All too often I’ve heard writers rambling about how much they love grammar. They profess their utter hatred towards those who don’t use it properly. Occasionally they correct your language – who doesn’t love that, right? And they are especially viscous towards those who use text talk, but aren’t we all… bluD txt tlk. I h8 it.
Up until a few hours ago I thought I was one of those grammar lovers. I like a properly structured sentence as much as the next guy. I won’t say no to a few fancy lines of description. Clever metaphors and smart similes make my day. Of course, I find the old slippery apostrophe confusing and unfair but we’re friends at heart.
However, little did I know that grammar and I were not friends at all.
This weekend I took part in a short teaching course. We were told that the final module was grammar.
Great, I thought. Time for me to shine!
Little did I know what I was getting myself into. It turns out that us Brits know nothing about our own language. Nada. If you have been unfortunate enough to learn English as a foreign language, you will have been through the endless pain of working out which of our many tenses to use in each and every sentence.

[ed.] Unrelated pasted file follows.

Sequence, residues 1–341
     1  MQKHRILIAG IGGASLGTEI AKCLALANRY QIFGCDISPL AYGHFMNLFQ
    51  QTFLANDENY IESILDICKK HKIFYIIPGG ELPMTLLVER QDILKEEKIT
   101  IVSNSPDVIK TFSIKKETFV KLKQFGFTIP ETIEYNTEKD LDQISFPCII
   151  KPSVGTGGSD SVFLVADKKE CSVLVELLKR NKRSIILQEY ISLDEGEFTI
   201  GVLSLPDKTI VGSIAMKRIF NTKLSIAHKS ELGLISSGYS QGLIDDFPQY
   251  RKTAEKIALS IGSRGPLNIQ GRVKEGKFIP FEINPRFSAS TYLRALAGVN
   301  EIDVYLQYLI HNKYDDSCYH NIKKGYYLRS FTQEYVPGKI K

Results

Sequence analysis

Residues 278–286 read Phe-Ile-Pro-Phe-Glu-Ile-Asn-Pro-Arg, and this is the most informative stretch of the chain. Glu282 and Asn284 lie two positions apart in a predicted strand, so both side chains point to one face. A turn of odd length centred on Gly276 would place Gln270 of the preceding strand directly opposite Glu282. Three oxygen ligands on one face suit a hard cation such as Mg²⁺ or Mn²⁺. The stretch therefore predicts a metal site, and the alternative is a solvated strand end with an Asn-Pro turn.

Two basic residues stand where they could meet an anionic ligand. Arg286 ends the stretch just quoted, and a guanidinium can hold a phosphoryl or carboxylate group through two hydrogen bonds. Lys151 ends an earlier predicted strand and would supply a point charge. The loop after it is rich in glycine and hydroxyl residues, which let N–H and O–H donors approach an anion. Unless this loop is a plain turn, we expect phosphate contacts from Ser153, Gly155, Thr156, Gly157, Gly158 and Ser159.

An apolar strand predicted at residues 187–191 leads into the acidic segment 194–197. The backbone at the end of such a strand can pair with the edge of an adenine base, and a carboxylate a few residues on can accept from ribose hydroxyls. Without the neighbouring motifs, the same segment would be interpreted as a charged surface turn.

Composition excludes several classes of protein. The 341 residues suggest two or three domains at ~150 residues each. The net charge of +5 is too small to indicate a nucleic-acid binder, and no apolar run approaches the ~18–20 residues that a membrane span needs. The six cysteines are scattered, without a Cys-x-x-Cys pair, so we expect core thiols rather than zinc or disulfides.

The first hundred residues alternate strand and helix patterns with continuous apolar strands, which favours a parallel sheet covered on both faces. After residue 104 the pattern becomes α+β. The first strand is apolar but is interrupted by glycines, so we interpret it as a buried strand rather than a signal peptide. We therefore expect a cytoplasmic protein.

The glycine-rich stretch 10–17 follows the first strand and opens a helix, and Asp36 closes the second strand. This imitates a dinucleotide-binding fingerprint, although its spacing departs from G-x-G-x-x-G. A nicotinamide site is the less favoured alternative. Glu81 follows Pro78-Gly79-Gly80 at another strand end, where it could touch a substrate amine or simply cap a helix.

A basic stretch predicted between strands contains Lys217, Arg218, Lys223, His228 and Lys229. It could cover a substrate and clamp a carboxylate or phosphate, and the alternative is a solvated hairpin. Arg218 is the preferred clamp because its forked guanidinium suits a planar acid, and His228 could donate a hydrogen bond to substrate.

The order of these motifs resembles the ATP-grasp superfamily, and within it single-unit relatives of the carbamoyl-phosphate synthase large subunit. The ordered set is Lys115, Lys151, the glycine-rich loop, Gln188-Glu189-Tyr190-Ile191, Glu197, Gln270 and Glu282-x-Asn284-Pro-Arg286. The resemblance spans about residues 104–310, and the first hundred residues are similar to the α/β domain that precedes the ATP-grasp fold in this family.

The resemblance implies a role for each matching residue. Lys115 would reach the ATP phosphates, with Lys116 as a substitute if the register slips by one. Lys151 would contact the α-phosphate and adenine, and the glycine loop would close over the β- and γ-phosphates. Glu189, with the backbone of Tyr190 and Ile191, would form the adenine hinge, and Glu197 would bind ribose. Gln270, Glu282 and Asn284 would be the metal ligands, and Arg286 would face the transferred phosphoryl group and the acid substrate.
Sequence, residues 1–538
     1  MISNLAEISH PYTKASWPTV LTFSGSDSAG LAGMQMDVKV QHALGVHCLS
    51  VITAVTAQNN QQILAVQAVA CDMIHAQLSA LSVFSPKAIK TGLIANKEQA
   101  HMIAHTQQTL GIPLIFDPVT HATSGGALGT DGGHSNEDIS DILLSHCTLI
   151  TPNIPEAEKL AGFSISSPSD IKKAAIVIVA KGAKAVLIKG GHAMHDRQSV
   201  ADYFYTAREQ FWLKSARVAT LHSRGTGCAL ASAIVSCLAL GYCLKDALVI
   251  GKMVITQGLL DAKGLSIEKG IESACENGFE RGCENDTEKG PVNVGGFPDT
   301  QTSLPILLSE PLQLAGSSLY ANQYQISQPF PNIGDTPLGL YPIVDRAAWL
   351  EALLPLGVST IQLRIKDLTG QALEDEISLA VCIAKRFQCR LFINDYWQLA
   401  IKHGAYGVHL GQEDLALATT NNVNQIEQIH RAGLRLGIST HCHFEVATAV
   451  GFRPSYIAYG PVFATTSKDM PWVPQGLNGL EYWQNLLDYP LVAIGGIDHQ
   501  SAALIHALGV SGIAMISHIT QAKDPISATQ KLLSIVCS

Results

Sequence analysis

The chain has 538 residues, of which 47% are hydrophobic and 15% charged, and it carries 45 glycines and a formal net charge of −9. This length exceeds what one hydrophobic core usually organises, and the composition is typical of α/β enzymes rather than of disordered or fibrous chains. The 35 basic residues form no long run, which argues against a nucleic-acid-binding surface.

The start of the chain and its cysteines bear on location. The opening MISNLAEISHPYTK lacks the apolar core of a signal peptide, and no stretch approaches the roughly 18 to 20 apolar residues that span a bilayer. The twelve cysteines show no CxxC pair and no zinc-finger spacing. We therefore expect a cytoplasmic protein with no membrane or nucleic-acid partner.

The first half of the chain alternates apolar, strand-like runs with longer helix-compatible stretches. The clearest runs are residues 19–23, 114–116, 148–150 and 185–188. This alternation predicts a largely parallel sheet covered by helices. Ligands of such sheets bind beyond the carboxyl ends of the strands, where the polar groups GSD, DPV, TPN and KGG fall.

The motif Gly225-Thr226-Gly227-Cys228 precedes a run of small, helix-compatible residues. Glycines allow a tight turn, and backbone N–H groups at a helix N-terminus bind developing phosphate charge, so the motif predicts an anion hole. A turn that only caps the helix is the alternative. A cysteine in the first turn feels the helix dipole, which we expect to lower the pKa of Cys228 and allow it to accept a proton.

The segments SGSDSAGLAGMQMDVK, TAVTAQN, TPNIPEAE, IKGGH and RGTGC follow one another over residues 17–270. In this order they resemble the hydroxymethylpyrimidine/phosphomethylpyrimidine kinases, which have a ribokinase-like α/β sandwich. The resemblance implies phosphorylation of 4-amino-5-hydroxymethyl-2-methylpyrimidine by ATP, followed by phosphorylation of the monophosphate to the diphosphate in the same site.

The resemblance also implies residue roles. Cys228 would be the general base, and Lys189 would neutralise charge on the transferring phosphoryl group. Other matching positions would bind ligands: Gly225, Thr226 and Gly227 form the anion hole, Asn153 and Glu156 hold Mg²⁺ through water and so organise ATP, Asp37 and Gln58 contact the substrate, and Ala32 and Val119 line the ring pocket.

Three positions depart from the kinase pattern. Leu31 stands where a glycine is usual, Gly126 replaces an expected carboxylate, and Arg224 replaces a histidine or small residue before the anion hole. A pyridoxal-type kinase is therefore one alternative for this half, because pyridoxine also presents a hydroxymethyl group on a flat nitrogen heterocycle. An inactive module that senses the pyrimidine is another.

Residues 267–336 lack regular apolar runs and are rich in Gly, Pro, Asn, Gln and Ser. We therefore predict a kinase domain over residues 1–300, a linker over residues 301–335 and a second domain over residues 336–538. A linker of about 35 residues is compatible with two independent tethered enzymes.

“I wented to the shops.”
“I knowing the answer.”
“You am very nice.”
Etcetera. Hours of fun for the listeners, not so much for the confused speakers.
Fortunately, for those of us who speak English as a first language we use our nonsensical grammar without thinking, like lazy geniuses, or so I like to think.
Anyway, a few hours ago I was tested on the tenses of English along with many other aspects of grammar that I clearly don’t understand. It did not go well. I played the part of the complete beginner learning English and everyone else played the role of amused onlookers.
Do you know that the English language has 12 tenses!?
Do you know how many irregular verbs there are!?
Did you have any idea there were 44 sounds in our language!?
Have you noticed how absolutely none of our spelling matches our pronunciation!?
Try this pronunciation poem!
Now all this information is a little depressing for a writer. One of my closest colleagues has quickly become an enemy. There’s a lot of information to take in and little space or interest to store it. I must admit I haven’t got a quick fix for this one, it does seem to be a ‘practice, practice, practice’ situation.
I did find one alternative though and I’m sure many of you heartbroken grammar lovers will appreciate this too:
“Write the book the way it should be written, then give it to somebody to put in the commas and shit.”
― Elmore Leonard